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Chapter 2

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University of Guelph
PSYC 2650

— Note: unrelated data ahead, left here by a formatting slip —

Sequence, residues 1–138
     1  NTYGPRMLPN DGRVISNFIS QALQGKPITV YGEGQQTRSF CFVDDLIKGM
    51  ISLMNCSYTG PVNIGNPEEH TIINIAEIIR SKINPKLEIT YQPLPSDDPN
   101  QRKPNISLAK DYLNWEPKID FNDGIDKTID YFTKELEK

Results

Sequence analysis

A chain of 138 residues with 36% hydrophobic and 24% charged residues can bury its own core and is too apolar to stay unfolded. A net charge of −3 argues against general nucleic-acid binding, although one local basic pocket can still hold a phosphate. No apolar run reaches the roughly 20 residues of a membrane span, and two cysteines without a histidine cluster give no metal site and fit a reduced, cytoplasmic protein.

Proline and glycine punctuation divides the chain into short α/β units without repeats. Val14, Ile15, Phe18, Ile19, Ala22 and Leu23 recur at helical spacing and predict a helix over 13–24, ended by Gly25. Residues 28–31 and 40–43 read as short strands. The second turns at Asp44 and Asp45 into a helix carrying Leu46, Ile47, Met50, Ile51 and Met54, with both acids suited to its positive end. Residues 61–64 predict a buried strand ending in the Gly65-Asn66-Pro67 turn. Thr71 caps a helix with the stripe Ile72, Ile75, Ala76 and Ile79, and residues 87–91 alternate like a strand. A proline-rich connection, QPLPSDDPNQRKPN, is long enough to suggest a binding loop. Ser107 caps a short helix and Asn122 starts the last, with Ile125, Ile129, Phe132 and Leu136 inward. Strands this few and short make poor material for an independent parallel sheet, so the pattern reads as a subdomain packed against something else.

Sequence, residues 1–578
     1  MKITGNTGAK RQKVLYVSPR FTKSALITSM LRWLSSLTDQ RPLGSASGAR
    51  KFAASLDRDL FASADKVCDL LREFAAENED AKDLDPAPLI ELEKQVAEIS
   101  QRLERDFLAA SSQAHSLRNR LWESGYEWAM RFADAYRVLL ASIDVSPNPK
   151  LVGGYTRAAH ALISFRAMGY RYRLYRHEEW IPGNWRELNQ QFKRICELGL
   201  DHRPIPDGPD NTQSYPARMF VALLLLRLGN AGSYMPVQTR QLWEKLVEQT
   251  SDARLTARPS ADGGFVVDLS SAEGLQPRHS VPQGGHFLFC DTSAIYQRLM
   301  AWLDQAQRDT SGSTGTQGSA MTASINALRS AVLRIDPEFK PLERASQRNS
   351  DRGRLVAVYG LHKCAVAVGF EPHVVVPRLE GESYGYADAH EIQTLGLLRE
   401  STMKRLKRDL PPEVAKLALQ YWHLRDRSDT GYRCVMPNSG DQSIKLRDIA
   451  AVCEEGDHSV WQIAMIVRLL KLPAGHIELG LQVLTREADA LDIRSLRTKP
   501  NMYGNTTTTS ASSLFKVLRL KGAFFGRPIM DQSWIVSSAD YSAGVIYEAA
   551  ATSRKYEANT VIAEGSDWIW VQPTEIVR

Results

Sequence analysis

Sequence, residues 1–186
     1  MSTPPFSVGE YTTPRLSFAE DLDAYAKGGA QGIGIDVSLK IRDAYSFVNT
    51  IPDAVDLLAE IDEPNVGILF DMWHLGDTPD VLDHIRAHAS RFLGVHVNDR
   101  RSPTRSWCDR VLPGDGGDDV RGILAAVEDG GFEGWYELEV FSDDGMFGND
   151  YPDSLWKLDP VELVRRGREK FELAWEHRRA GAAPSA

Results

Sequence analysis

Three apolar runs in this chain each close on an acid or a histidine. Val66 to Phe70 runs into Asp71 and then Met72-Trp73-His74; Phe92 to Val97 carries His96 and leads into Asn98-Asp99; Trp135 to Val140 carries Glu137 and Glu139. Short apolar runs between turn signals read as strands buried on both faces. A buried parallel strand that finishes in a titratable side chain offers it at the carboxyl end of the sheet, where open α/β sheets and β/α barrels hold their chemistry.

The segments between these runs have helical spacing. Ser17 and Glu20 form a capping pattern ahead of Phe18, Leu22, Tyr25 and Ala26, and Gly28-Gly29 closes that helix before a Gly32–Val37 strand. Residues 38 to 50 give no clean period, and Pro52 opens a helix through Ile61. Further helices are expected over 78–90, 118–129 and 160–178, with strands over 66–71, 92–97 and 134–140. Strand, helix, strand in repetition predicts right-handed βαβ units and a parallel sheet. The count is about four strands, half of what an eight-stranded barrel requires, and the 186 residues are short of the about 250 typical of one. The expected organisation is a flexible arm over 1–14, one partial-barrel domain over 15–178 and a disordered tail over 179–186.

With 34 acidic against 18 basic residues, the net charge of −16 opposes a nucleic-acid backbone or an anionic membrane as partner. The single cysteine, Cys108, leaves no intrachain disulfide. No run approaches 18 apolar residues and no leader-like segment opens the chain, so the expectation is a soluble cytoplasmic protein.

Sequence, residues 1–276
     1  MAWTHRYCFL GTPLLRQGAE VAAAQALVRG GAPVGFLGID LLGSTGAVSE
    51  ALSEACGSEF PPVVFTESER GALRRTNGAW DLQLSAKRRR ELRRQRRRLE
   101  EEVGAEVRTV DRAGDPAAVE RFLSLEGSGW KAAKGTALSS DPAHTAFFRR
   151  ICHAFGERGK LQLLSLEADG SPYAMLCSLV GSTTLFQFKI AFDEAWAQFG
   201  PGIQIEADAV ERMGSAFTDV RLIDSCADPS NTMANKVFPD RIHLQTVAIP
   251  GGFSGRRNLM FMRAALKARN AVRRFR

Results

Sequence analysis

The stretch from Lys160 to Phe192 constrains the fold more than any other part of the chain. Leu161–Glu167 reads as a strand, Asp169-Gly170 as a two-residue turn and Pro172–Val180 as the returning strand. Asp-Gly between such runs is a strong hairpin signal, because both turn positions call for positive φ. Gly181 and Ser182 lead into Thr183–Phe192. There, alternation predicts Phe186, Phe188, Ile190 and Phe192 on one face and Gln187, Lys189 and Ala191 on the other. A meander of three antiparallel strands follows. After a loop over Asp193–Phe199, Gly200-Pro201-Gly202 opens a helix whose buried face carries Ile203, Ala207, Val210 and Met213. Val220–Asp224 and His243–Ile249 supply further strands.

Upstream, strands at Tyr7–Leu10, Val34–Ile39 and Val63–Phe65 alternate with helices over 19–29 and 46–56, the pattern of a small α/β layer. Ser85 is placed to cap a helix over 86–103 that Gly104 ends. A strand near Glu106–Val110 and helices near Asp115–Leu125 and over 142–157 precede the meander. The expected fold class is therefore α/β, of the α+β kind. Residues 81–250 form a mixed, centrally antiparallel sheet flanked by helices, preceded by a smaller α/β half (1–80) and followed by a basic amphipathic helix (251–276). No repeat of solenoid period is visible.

Cognition – Chapter 2 Capgras Syndrome - Fully able to recognize people in their world, but utterly convinced that these people are not who they appear to be. They believe that their real son or real husband has been kidnapped (or worse). This person often insists that there are slight differenes between the “imposter” & the person they have replaced – changes in personality or appearance.  Facial recognition involves 2 separate systems in the brain; one leads to cognitive appraisal (“I know what my father looks like, & I can percieve that you closely resemble him”) & the other leads to a more emotional appraisal (“You look familiar to me & also trigger a warm response”). In Capgras syndrome the emotional processing is disrupted, leading to identification without the familiarity response. - Neuroimaging techniques allow researchers to take high-quality, 3D pictures of living brains. They can tell us about the physical makeup/structure of the brain.  In older studies PET scans were used for this reason, currently MRI scans are often used. - One damaged site in CS brains is in the temporal lobe on the right, which probably disrupts circuits involving the amygdala (serves as an “emotional evaluator” – helping detect threatening/dangerous stimuli as well as indicators of safety or rewards). - CS brains also have abnormalities in the frontal lobe, to the right of the prefrontal cortex. (The frontal lobe has been found to be active in planning & analyis, and much less active when dreaming or hallucinating)  With damage to this area, CS patients may be less able to keep track of what is real/sensible & what is not. - Also evidence that recognition of all stimuli involves 2 separate mechanisms – one hinging on factual knowledge & one that is more emotional. - Note that our understanding of Capgras syndrome depends on a mix of cognitive psych & cognitive neurosci, in which we test & confirm the hypothesis with. - CS can illuminate broader issues about the nature of the brain & mind (amygdala plays a part in helping people remember emotional life events or making decisions that rest on emotional evaluation).  Therefore this can give us clues about the processes underlying memory/decision-making. - CS also teaches us about how parts of the brain must work together for even the simplest achievement. The Study of the Brain - CS also illustrates that we need some technical foundations before we can develop theories about it. - The human brain is divided into the hindbrain, the midbrain & the forebrain.  The hindbrain sits atop the spinal cord & includes several crucial controlling functions (e.g. ensures rhythmic breathing & heartbeat). It also helps maintain posture, balance & the brain’s level of alertness. - The largest area of the hindbrain is the cerebellum: body movements, balance, spatial reasoning, sound discrimination, & integrating input from sensory systems.  The midbrain coordinates movements (precise eye movements), regulate the experience of pain, & contains circuits that relay auditory information from ears to processing/interpretation areas in the forebrain.  The forebrain is the largest & most interesting region. The cerebral cortex is a thin outer surface that constitutes 80% of the human brain because it is crumped into convolutions that allow it to cover less space. - Some of the grooves between wrinkles actually divide the brain into different sections. The deepest (the longitudinal fissure) runs from the front to the back of the brain & separates the 2 hemispheres. Other fissures divide the cortex in each hemisphere into 4 lobes. - The frontal lobes form the front brain (right behind the forebrain). The central fissure divides the frontal lobes on each side of the brain from the parietal lobes (the top). The bottom of the frontal lobes is marked by the lateral fissure, & below it are the temporal lobes. At the very back of the brain, connected to parietal & temporal lobes, are the occipital lobes. - Subcortical structures of the forebrain: - Thalamus: relay station for all sensory information going to the cortex. - Hypothalamus: directly beneath the thalamus, crucial role in controlling motivated behaviours such as eating, drinking, & sex. - Limbic system: surrounding both ^  made up of amygdala & hippocampus located beneath the cortex in the temporal lobe. They are essential for learning & memory. - The left & right structures in each pair have roughly the same shape & pattern of connections to the other brain areas. - The 2 hemispheres work together; this integration is made possible by commissures (think bundles of fibers that carry information back & forth between the 2 hemispheres). The largest of these is the corpus callosum.  A severed corpus callosum = split-brain. - Left brain: language, right brain: spatial judgement. - The hemispheres pool their specialized capacities to produce a seamlessly integrated single mental self (it is wrong to think that more “right-brain thinking” = more creativity). - Neuropsychology: the study of the brain’s structures & how they relate to brain function. - Clinical neuropsychology: understand the functioning of intact, undamaged brains by careful scrutiny of cases involving brain damage. - Lesion: specific area of damage. - CT scans (x-rays = 3D picture) - PET scans (tracer substance) - MRI (very detailed pictures including oxygen & blood flow to each region) – tell us where the event took place - Neurons get their electric pulse from their input end to their output end by en electrical pulse. The current of neurons is great enough to be detected by electrodes on the surface of the scalp (EEG) – tell us when the event to place  These all have their weaknesses, so they are often combined.  Another limitation is that many of these techniques only provide corelational data; therefore the supplementary data needed often comes from the study of brain lesions. - Transcranial magnetic stimulation (TMS) is useful because strong magnetic pulses cause a temporary disruption in the brain region & allows us to see what functions are compromised when a part of the brain tissue is non-functional. - Localization of function: aimed toward figuring out what’s happening where in the brain. The Cerebral Cortex - Enormous amount of information processing – greatest interest for cognitive psychologists. - Many regions divided into 3 categories: motor areas (brain tissue crucial for organizing & controlling bodily movements), sensory areas (tissue essential for organizing & analyzing the information we receive from the senses), & association areas (support many regions, specifically the act of “thinking”). MOTOR AREAS - Areas of the cortex serve as “departure points” for signals leaving the cortex & controlling muscle movement; other areas are the “arrival points” for information coming from the eyes, ears, & other sense organs. These are called primary motor projection areas (primary motor projection areas & primary sensory projection areas). - The motor projection area is tested by applying a mild electrical current to this area in animals, which causes specific movements depending on the site. These movements show a pattern of contralateral control – stimulation to the left hemisphere causes movement on the right side. - Projection areas form a sort of map – particular positions correspond with particular body parts. The motor projection area “map” is located on a strip of tissue toward the rear of the frontal lobe. SENSORY AREAS - Somatosensory area: located in parietal lobe, just behind motor projection area – information from your skin senses.  Patient reports tingling in a specific area if this region is stimulated. - Auditory area: in temporal lobes – primary projection area for hearing. If directly stimulated, the patient will head clicks, buzzes & hums.  An area in the occipital lobes is the primary projection area for vision; stimulation here produces the experience of seeing flashes of light/visual patterns. - The sensory projection areas differ from each other but they also have features in common which parallel the attributes of the motor projection area. In somatosensory, each area of the cortex is represented by a body part. Body parts near each other are typically nearby in the brain. In visual, each region of visual space has its own cortical representation & adjacent areas are the same in the brain. In the auditory area, different sound frequencies have their own cortical sites. - In each sensory map, assignment of cortical space is governed by function, not by anatomical proportions. - In sensory areas there are also contralateral connections – but not contralateral to body parts, it is contralateral with regard to physical space (like the visions or sounds coming from the left side are percieved by both eyes/ears, but processed by the right hemisphere). ASSOCATION AREAS - The remaining 75% of the cerebral cortex is referred to as the association cortex – these areas associate simple ideas & sensations to form more complex thoughts & behaviours. - Lesions in the frontal lobe cause apraxias, distrubances in the initiation or organization of voluntary action. Other lesions (occipital cortex or back of parietal lobe) lead to agnosias, difficulty identifying familiar objects. Visual agnosia – recognize something by touching it but not looking at it; auditory agnosia – recognize a face but not a voice. - Other lesions (usually parietal lobe) produce neglect syndrome – individual ignores half the visual world (only shave half of face, on eat half his plate, etc.) - Aphasia when lesions in areas near lateral fissure. - Damage to prefrontal area causes many problems, mainly with planning & implementing strategies, or difficulty inhibiting their behaviour or confusions.  * These clinical patterns make it clear that the so-called association cortex contains many subregions, with all working together in virtually all aspects of our daily lives. Brain Cells - A trillion neurons & many more glia (help guide development of nervous system in infants/fetus, support repairs if nervous system is damaged, maintain/control the flow of nutrients to the neurons & more). Specialized glial cells provide electrical insulation surrounding neurons – increases signal speed. May also constitute their own signaling system within the brain. - Cell body: contains nucleus & elements needed for metabolic processes. - Dendrites: “input” side, receive signals from other neurons - Axon: “output” side, sends neural impulses to other neurons. - When a neuron has been sufficiently stimulated, it releases a minute qua